Why Ancelotti Is The Special One, Not Chelsea's Jose

There's only a handful that can truly stand up to the Portuguese, it just so happens that Real's no nonsense Italian is one of them...
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Why Ancelotti Is The Special One, Not Chelsea's Jose

“It’s his opinion, however I see my Madrid team fighting for the title and the Champions League, something last season he couldn’t do”. So said Carlo Ancelotti in response to Jose Mourinho’s criticisms after last March’s defeat to Barcelona. By the end of the season, Carletto was hoisting a trophy in Lisbon that Mou hasn’t touched since 2010, a trophy he couldn’t attain in three attempts in the Spanish capital. There’s only one ‘special one’…and it isn’t the Portuguese.

In purely football terms, Carlo and Jose have much in common. Both have won championships in three different countries, both worked at Chelsea, both coached in Milan, and both can boast Champions League victories. It’s away from the dugout that the tacticians take differing paths. One is funny, liked even by his enemies, attacking and humble. The other is sarcastic, paranoid, narcissistic, disliked by all except a select few and arrogant. The goodwill that overwhelmed Ancelotti on winning la decima (the tenth)was plentiful as even those fans and pundits who have no love for the Madrid machine couldn’t help but smile upon the sight of the voluptuous Italian being thrown in the air by his players. Would this love-in have occurred with Mourinho? Impossible.

So what is it about Ancelotti that makes him so popular? In the forward to Ancelotti’s autobiography, Paolo Maldini says ‘Before big games Carletto cocked his famous left eyebrow and told us jokes. Over the years many tears were shed, but only from laughing…even before Champions League finals!’. Clearly, his bond with the players makes them want to win for him. During his post-match conference in Lisbon he was interrupted by several of his players, who ran up and sang a victory song, with Ancelotti joining in. He was then kissed by Sergio Ramos and Pepe before the players left to carry on the party elsewhere. Frank Lampard spoke of him as ‘…a great coach but more importantly a fantastic man’. Wherever he goes, Carletto exudes love.

In contrast to Mourinho, Ancelotti has always tried to entertain whilst winning. He was nearly sacked seven games into his first coaching job at Reggiana in Serie B (‘…we were a ship of fools and the captain was me’ he asserted). He arrived in Serie A with Parma, where he admits  to being too stubborn, explaining “I had the chance to sign Baggio but I told him he wouldn’t play as he didn’t fit into my 4-4-2, a formation I believed was correct in all cases”. He expanded “It’s only when I arrived at Juventus that I changed my ways, because I had another player who can’t play in a 4-4-2…and I couldn’t really bench Zidane”.


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When coaching Milan in 2003, Ancelotti wanted his team to play beautiful football and received help from Andrea Pirlo. The midfielder explained that when at Brescia under the legendary Carlo Mazzone he played as a defensive midfielder and it worked wonders. The coach agreed to try it and so was born Ancelotti’s masterpiece, the ‘Albero di Natale’ or The Christmas Tree. Milan promptly won the Champions League at Old Trafford in 2003 with a team including Rui Costa, Seedorf, Rivaldo and Shevchenko, and he credits the formation for winning the trophy again in Athens 2007.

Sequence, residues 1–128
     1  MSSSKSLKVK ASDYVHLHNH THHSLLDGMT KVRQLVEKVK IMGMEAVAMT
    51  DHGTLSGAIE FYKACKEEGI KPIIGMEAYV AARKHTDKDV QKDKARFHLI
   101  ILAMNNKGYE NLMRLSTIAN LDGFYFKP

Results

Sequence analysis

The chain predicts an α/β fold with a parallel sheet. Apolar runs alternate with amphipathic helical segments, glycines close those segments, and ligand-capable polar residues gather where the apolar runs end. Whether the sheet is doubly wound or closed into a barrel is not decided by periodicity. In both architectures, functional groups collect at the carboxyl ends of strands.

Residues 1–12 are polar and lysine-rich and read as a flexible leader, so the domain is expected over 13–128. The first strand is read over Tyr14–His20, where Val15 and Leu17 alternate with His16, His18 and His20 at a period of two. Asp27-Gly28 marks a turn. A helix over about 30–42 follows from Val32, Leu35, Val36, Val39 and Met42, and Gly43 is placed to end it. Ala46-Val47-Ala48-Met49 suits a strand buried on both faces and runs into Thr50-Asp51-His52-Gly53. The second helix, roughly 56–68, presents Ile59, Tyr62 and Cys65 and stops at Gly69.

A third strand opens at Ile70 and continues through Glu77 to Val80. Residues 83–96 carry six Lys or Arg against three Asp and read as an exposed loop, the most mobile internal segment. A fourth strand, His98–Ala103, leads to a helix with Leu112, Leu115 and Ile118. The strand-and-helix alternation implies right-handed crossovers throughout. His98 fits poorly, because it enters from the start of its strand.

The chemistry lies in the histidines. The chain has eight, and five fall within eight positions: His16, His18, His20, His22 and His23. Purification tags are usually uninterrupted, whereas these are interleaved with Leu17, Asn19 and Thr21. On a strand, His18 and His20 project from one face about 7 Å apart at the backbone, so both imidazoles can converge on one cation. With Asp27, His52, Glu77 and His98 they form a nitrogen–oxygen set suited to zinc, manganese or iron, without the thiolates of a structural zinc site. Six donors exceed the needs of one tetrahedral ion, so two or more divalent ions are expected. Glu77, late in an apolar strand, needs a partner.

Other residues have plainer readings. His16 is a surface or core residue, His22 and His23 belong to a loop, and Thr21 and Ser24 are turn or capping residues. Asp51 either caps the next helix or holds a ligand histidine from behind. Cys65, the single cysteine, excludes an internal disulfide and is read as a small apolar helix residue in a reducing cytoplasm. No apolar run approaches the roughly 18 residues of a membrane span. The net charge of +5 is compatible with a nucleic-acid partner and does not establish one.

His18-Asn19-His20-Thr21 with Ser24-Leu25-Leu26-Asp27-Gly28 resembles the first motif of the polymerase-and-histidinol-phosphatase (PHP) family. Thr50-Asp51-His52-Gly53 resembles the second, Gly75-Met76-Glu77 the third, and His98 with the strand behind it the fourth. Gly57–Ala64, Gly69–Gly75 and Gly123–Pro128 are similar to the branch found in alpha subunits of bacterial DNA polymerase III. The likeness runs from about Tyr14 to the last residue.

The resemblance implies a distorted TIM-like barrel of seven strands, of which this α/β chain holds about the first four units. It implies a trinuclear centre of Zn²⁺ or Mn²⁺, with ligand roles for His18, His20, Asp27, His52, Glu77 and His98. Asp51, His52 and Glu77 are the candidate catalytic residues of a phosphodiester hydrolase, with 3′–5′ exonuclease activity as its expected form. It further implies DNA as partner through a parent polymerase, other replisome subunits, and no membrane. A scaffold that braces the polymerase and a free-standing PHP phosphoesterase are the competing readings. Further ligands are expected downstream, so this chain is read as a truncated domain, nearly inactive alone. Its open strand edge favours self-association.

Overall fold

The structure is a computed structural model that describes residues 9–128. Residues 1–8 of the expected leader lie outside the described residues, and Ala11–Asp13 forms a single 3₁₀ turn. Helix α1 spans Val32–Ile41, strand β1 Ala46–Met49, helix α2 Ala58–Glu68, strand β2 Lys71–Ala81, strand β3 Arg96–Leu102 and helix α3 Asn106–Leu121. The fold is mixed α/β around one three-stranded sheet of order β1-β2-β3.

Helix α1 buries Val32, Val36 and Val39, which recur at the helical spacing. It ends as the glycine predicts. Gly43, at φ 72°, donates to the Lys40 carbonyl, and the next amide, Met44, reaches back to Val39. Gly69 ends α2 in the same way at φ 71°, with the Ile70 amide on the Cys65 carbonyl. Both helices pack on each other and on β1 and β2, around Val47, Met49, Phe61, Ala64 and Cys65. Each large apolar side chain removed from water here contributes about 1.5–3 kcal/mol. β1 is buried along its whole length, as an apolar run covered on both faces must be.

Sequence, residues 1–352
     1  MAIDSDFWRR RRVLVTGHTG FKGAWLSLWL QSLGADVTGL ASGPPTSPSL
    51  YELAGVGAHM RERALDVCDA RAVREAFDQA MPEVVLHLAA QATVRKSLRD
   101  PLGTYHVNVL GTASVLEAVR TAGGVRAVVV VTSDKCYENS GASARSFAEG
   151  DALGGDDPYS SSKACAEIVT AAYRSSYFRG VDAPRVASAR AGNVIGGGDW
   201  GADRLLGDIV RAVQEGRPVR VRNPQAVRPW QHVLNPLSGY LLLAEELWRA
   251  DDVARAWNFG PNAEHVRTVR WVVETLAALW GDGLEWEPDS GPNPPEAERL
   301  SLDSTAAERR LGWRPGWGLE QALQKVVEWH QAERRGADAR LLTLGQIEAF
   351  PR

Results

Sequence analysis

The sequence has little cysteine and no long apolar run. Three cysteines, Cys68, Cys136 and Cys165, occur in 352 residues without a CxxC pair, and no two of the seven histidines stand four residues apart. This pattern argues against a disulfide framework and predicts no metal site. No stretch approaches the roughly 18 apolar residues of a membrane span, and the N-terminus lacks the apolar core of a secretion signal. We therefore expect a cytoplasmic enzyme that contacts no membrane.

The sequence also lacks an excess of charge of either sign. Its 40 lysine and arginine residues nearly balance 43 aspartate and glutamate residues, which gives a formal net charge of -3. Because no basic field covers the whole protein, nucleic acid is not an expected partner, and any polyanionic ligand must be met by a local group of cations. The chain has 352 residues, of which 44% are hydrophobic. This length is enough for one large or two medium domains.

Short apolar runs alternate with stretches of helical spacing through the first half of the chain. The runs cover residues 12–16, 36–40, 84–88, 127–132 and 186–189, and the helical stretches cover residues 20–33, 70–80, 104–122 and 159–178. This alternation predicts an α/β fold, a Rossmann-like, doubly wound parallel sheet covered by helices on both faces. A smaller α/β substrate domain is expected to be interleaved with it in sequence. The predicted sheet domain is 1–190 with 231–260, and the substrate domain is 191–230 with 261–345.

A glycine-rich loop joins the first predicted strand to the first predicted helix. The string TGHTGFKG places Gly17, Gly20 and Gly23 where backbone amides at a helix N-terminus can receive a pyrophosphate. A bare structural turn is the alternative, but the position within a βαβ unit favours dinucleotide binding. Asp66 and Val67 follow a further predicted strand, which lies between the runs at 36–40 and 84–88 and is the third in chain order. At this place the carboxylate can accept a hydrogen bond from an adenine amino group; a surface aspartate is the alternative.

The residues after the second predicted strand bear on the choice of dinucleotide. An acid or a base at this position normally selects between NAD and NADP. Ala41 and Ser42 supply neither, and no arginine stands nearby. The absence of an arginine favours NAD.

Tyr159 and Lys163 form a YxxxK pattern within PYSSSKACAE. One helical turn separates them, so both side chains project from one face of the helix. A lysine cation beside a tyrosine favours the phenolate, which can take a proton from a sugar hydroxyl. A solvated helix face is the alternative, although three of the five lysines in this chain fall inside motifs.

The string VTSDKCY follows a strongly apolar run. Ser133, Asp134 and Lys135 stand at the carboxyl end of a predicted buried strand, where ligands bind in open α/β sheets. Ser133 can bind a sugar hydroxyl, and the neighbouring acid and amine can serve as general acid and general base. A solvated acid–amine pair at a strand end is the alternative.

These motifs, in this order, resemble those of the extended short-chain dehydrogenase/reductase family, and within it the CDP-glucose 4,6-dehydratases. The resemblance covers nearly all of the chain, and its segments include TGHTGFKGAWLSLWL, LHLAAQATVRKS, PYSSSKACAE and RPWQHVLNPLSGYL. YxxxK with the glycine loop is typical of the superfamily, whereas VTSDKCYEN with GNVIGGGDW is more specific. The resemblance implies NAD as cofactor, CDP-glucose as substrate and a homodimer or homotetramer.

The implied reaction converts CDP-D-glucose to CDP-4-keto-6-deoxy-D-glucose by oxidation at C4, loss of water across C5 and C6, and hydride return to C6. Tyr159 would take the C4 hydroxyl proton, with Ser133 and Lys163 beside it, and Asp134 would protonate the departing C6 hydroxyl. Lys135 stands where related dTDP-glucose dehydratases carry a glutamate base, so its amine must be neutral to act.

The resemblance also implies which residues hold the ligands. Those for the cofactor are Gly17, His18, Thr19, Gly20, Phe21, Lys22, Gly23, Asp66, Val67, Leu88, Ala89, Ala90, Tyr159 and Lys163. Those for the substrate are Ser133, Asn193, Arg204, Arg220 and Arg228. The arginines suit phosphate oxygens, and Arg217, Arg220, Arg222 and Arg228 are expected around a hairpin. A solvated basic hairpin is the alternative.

There’s no doubting that whilst Mourinho is the king at Chelsea, winning two titles, two league cups and an FA Cup in four years, for the neutral Ancelotti’s version of the blues were much easier on the eye. In his first season, Ancelotti’s team scored 103 goals (Jose’s highest tally was 72 in both his first and second campaigns) and won the clubs first ever double. In the Italian’s title winning campaign, he racked up a series of huge wins, including a 7-1, two 5-0’s, a 7-0 and an 8-0, simply incredible score-lines. One similarity between the pair was that Champions League success wasn’t forthcoming in west London, Mourinho had Rafa Benitez’s Liverpool to thank, whilst Ancelotti lost to Jose’s Inter and Sir Alex’s Manchester United in consecutive seasons.

After winning a Ligue 1 title in France for PSG, Ancelotti signed a contract with Real Madrid for the second time. The first time was back in 2006, but the contract would only become valid once Milan agreed to released their coach. They refused, so Carletto stayed in northern Italy. He still has that contract locked away at home, saying “it is a souvenir of a nice, adrenaline-charged period”. He signed for certain in 2013 though, replacing Mourinho who had lost the respect in a powerful dressing room, but more importantly of Perez who desperately wanted to win la decima. The Italian lost the title to Atletico, but the most important one was won on a humid Lisbon evening against the same opponents, the 55 year old completing in one season what Mourinho couldn’t achieve in three (and in the process overtaking the Portuguese 3-2 in European Cups).

There are only a handful of coaches in world football who have a record to stand up to Jose Mourinho this century. Pep Guardiola is one, but for consistency, success in different countries, tactical variety whilst playing attacking football, all whilst maintaining dignity and respect, Carlo Ancelotti is surely the best coach of the 21st century.